Society continually promotes ‘dumbing down’ with the postmodern thought that there is no transcendent truth. ‘Don’t ask because their are no absolute answers.’ The church is where we can ask and receive absolute objective answers.

Discernment for living in a fallen world takes knowing what Christ is promising and knowing takes asking and knowing what to ask takes the Word where God has chosen to speak to men. Be encouraged to invite friends to hear from God. His words promise to divinely give us the right questions to ask.

What’s Wrong with Gay Marriage?

This is not a rhetorical question, though you, dear reader, may have thought it was when you first saw the title. For anyone who needs a reminder, a rhetorical question doesn’t expect an answer. It’s a question stated for the purpose of making a point. This question deserves an answer. And there is an answer. Whether or not the answer is popular has no bearing upon whether or not it is true.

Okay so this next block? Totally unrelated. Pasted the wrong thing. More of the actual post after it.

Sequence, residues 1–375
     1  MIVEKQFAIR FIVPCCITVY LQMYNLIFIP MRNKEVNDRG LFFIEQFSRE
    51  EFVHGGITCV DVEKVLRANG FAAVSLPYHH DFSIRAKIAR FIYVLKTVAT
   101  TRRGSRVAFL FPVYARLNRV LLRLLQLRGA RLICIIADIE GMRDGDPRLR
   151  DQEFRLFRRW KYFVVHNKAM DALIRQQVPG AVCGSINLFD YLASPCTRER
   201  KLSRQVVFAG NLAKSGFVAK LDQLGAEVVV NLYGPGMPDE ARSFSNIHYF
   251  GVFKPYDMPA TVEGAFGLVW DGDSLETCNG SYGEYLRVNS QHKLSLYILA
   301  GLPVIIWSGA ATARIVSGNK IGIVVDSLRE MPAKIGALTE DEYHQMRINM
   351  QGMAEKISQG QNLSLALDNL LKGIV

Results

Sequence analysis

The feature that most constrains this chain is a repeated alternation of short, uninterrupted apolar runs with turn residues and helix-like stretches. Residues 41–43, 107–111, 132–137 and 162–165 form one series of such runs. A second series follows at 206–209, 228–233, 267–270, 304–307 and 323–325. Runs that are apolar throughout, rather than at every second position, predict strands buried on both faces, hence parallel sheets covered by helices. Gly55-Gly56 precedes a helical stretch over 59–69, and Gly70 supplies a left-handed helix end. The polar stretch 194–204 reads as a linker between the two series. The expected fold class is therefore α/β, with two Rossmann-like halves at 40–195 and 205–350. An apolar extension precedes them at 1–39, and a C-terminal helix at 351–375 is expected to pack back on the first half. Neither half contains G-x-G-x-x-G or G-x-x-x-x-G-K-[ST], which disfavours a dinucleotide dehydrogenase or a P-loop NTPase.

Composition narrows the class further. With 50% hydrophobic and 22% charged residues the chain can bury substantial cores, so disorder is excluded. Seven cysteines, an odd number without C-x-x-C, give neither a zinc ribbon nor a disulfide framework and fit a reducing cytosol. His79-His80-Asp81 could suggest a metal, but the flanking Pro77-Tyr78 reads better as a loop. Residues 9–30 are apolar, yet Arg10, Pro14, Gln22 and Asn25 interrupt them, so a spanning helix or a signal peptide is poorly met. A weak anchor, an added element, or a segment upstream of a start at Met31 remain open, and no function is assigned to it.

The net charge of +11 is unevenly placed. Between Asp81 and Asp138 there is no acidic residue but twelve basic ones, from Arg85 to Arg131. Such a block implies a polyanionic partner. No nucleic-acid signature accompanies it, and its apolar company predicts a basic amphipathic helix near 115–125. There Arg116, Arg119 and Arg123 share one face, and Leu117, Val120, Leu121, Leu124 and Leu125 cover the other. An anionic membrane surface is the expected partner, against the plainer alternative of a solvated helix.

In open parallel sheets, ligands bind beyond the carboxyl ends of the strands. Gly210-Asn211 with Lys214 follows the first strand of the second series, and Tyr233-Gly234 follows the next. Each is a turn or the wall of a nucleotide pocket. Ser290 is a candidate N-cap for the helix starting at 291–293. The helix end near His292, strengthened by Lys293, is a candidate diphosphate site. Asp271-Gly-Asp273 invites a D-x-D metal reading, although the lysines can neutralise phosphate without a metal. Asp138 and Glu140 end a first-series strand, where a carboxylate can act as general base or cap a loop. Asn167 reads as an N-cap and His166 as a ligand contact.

It amazes me that this question must be answered at all, because only a decade ago the answer seemed to be obvious. But one of the long trends in contemporary western civilization has been postmodernism, based on the belief that any question like this doesn’t have a single right answer. Instead, every individual person’s opinion is supposed to be equally valid and right. If that were true, civilization would be doomed to a brief existence.

What is it anyway?